Wednesday, September 16, 2009

Shot By Both Sides

From the Pistols! Treason! Murder! soundtrack:


Tuesday, September 8, 2009

The Hanged Man: The Life, Death and Afterlife of Antonio Foscarini

I am one of the speakers in a symposium on 'Scandals, Crime and Corruption', which takes place at the State Library in Sydney tomorrow, 9 September 2009, 9.30-5.00, as part of NSW History Week. Admission is free. Speakers include my colleagues from the University of Sydney, Penny Russell and Kirsten McKenzie, among many others. My talk is about Antonio Foscarini, who appears as the victim in Pistols! Treason! Murder!, and who is also the subject of my next collaboration with Dan Hallett. The following is from the press release for the event (my apologies for the surfeit of rhetorical questions):

Dr Jonathan Walker is Senior Research Fellow in the Department of History at the University of Sydney. He is the author of a biography, Pistols! Treason! Murder!: The Rise and Fall of a Master Spy (MUP, 2007) and an illustrated novel, Five Wounds (Allen & Unwin, forthcoming, 2010). His website is www.jonathanwalkervenice.com.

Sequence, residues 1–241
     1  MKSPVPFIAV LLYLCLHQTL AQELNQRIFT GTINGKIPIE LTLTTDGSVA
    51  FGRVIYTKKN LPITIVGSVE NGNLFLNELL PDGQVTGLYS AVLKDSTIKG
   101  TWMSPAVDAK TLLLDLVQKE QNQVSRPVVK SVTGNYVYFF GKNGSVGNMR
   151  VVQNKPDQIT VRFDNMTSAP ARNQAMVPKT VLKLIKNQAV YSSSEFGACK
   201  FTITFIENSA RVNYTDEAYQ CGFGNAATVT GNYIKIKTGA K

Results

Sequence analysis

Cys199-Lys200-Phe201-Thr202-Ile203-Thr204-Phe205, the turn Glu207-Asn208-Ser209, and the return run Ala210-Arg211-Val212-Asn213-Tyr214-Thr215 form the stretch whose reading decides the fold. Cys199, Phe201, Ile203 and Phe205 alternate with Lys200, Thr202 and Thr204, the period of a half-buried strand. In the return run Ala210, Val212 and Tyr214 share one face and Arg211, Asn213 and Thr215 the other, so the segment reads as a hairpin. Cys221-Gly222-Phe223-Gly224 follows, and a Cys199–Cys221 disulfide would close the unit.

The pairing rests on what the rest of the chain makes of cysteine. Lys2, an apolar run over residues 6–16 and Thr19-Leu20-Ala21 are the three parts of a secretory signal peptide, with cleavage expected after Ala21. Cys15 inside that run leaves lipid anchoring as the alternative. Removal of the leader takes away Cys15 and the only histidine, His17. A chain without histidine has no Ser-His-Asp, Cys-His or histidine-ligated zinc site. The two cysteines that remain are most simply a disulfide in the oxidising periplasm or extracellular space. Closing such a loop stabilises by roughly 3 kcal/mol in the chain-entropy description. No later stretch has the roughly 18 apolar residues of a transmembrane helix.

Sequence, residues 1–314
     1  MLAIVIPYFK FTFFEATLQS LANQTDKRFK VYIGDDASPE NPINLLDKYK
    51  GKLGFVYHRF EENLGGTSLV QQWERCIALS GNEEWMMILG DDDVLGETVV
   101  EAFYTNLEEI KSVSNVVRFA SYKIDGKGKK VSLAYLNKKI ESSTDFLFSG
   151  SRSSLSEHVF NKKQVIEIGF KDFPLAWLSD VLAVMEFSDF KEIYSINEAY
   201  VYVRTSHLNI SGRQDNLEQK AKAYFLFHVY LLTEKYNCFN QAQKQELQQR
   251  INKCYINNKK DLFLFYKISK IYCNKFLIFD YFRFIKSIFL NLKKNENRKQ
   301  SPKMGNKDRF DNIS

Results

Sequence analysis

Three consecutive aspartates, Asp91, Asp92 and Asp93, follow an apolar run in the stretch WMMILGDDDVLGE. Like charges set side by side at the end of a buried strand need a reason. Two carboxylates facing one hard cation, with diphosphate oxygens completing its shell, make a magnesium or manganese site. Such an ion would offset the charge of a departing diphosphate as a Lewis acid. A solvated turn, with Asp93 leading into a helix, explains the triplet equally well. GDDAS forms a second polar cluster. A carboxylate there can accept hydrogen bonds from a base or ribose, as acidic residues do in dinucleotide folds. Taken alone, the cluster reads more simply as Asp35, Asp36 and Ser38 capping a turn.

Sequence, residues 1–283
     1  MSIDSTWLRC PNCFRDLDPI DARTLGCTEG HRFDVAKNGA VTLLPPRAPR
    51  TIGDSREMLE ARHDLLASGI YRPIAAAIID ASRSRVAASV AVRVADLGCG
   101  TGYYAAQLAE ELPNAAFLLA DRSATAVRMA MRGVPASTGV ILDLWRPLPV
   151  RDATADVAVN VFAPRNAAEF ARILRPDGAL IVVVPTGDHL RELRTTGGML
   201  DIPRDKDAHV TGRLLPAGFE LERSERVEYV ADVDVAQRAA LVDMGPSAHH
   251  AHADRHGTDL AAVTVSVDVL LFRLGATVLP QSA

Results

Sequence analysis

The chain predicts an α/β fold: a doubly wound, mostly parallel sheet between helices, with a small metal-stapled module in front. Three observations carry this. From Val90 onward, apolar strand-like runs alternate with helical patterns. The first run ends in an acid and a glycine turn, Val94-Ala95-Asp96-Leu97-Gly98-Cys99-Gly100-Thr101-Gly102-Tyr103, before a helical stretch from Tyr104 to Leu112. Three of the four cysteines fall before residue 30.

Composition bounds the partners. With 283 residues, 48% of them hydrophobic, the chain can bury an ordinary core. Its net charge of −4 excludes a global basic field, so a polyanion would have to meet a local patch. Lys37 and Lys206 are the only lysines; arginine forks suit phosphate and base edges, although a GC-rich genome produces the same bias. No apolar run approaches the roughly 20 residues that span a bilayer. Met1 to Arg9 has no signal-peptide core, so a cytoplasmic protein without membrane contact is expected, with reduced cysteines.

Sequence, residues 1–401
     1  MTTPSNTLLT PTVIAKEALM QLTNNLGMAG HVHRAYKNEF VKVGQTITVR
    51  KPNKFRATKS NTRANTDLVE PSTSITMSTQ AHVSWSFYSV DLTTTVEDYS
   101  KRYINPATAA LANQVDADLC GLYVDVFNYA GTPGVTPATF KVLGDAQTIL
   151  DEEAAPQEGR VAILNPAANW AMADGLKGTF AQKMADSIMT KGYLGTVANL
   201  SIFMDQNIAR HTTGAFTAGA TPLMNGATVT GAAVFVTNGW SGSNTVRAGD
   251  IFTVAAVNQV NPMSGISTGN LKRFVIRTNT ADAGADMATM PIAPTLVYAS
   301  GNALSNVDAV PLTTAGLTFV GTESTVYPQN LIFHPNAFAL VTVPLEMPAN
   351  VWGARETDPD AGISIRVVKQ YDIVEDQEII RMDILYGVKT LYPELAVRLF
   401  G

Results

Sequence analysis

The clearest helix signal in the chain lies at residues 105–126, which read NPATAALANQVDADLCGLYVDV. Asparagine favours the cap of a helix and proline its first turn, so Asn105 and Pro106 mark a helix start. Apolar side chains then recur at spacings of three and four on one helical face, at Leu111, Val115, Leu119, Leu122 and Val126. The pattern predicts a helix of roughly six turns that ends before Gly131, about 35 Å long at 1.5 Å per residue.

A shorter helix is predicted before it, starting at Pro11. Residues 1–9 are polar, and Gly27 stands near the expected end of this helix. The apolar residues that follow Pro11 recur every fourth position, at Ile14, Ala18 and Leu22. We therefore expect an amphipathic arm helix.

Antonio Foscarini was executed for treason in Venice in 1622. A year later he was exonerated posthumously. The original sentence was scandalous enough; its subsequent reversal even more so. Everyone had an opinion on the matter; all of them were self-confessedly ill-informed. Several years earlier, Foscarini had been Venetian ambassador to the court of James I in London, in which capacity he was also no stranger to scandal. At the end of his embassy, he had been prosecuted for bringing the Venetian state into disrepute. The list of accusations from the first trial ran into the hundreds. Was he embroiled in a poisonous feud with his own secretary? Did he pester a group of English noblewomen with a glass dildo? Did he fart ostentatiously during mass? Or was he actually guilty of nothing more than tactlessness? The truth of the matter is obscure, even occult, buried deliberately by the investigating magistrates, who wished to hide their own uncertainties and errors. Perhaps we might try to interpret this occult story using an occult device? This talk will therefore retell the story of Foscarini's fall from grace and eventual rehabilitation using a series of images from seventeenth-century Tarot cards.